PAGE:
Massachusetts is considering ways to further reduce the AP exam fee for some additional low-income students for whom it is an obstacle. Currently, the state covers part of the exam cost for students in districts that are designated in need of assistance under the state accountability system, and a separate state grant to Mass Insight Education and Research helps defray the cost at schools where Mass Insight supports the AP program. In addition, districts can also use some of their funds to help cover student costs.

“Advanced Placement courses are a great way for students to learn and practice the level of scholarship that will help them in college,” said Education Secretary James Peyser. “Advanced Placement courses give students the opportunity to earn college credits, stand out in college admissions, and build critical thinking skills. It is very important that we encourage these opportunities for all students in the Commonwealth.”

“This year’s results would not be possible without the dedication of teachers, students, and the families who support them,” said Elementary and Secondary Education Commissioner Jeffrey C. Riley. “I’m grateful to everyone who has helped, including our partner, Mass Insight, and I look forward to working together to address opportunity gaps and see even more students succeed in AP classes.”

Advanced Placement teachers in Massachusetts include 2020 Massachusetts Teacher of the Year Takeru Nagayoshi, who teaches AP English classes at New Bedford High School. He has also led Saturday sessions for students at schools that Mass Insight supports.

“Our state is taking access to AP work seriously, with an added emphasis on supporting students from underserved backgrounds,” said Mr. Nagayoshi. “While we have a long way to go, I’m proud to represent a state and work alongside an organization that commits to advanced academic access for all its students.”

Hispanic, Latino and Black students saw increases in both their participation and performance. In 2009, Hispanic and Latino high school graduates took 2,136 AP exams, and in 2019, they took 11,384 (which was an increase over the class of 2018’s 10,068 exams). In 2009, Hispanic and Latino high school graduates received scores of 3 or higher on 1,082 exams, and in 2019, they scored 3 or higher on 5,613 exams (which was also an increase over the class of 2018’s 4,734 exams).

Black students also made gains. In 2009, Black high school graduates took 1,534 AP exams, while in 2019, they took 5,411 (which was also an increase over the class of 2018’s 4,761 exams). In 2009, Black high school graduates received scores of 3 or higher on 468 exams, and in 2019, they scored 3 or higher on 1,816 exams (which was also an increase over the class of 2018’s 1,620 exams).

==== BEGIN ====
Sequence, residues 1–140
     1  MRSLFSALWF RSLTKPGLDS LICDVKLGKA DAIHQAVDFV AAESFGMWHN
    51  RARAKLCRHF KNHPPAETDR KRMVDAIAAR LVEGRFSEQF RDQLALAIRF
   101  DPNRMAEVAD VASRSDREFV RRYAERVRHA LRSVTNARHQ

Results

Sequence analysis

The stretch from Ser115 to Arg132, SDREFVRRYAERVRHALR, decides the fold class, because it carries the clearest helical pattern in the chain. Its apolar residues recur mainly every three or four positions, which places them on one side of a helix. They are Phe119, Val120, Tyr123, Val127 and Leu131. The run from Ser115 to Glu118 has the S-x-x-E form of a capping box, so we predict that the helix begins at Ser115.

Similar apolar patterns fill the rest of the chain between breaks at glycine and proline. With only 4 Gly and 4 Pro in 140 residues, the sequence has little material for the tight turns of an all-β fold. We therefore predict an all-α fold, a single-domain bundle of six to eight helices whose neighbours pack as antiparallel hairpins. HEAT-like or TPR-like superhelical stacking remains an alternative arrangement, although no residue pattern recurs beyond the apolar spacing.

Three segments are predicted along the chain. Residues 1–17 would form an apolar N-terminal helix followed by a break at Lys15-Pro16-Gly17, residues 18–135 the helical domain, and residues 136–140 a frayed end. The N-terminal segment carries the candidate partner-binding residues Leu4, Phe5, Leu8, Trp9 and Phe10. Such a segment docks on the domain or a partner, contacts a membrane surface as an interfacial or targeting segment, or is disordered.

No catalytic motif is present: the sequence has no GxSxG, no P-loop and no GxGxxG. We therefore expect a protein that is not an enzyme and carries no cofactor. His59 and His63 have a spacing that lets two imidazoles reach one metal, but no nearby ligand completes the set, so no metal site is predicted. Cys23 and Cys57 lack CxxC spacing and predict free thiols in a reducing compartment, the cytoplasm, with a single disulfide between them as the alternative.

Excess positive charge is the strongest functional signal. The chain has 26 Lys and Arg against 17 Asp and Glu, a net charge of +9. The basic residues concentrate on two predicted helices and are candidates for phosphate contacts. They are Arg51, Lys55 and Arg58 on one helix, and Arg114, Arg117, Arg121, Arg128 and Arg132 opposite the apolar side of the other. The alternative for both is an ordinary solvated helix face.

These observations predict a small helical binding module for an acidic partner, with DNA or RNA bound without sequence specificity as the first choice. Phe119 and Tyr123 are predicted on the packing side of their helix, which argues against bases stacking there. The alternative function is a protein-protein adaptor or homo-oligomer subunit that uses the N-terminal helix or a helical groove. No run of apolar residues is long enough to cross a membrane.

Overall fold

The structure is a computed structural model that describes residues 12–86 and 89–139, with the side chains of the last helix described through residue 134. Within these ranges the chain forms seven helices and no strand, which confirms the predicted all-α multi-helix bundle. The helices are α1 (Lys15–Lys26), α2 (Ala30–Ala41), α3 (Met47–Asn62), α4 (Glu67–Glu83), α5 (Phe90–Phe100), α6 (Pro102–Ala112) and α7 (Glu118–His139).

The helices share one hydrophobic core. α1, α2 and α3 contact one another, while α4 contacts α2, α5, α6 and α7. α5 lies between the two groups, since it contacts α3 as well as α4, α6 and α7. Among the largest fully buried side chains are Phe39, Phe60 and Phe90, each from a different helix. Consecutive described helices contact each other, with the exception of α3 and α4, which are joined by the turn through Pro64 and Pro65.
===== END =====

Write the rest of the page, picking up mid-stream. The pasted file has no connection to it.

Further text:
Low-income students in Massachusetts’ class of 2019 also saw improvements compared to 10 years ago. In 2009, low-income high school graduates took 5,578 AP exams, while in 2019, they took 22,906 (which was also an increase over the class of 2018’s 21,905 exams). In 2009, low-income high school graduates received scores of 3 or higher on 2,464 exams, and in 2019, they scored 3 or higher on 10,933 exams (which was an increase compared to the class of 2018’s 9,881 exams).

Results for individual schools’ class of 2019 are not available through DESE, but AP results for 2017-18 that include all high school students are online at
http://profiles.doe.mass.edu/statereport/ap.aspx.

 

Want to learn more about Charter Schools, check out the attached Facts Sheets provided by the Massachusetts Charter Public Schools Association.

 

 

 

 

 

 

 

Friday Flash January 31, 2020

Do you know what my favorite part of the game is? The opportunity to play.                                         -Mike Singletary  

 
Your weekly Friday Flash is attached.
 
If your family hasn't made an appointment yet for mid-year meetings next week, now is the time!  
 
Next Tuesday will be the last day for pre-ordering Valentine carnations.
 
Have a great weekend, and we'll see you back on Monday.
 
 

SHINE Initiative visits Sizer School Health Classes

A discussion on how common mental health disorders can be
Sometimes doing the simplest things - like tying your shoes - can be difficult if you are experiencing anxiety or depression
Members of the Sizer community came in to the 8th grade Health class to share personal stories related to drug use and abuse.
Hotlines and Resources for Mental Health Emergencies

On Wednesday, Jan. 29, the SHINE Initiative, through expert speaker Megan Sullivan, did a presentation for Sizer School’s health classes. The topic: mental health. Did you know 1 in 5 13-18 year olds experience serious mental health conditions? Or that 50% of lifetime mental illnesses begin by age 14?

Sizer students learned about the signs and symptoms of someone going through a mental health crisis, and were given tips and resources that students can use if they or someone they love is going through a mental health crisis.

In this video, 4 student volunteers find out how stresses can build up when you don’t seek help or turn to a trusted adult - sometimes the burden of holding things in can make even the simplest tasks seem impossible.

For more information about the SHINE initiative, visit www.shineinitiative.org. If you are experiencing a mental health crisis, call the National Suicide Prevention Lifeline: 800-273-TALK.



Sizer School, a North Central Charter Essential School, is a free public charter school located in Fitchburg serving students in grades seven through twelve from 25 local towns and cities. At Sizer School students are known personally, challenged intellectually, and participate actively in their learning. Guided by its commitment to diversity and inclusiveness, the school seeks to send graduates into the world who THINK for themselves, CARE about others, and ACT creatively and responsibly.

For more information about Sizer School, visit www.sizerschool.org.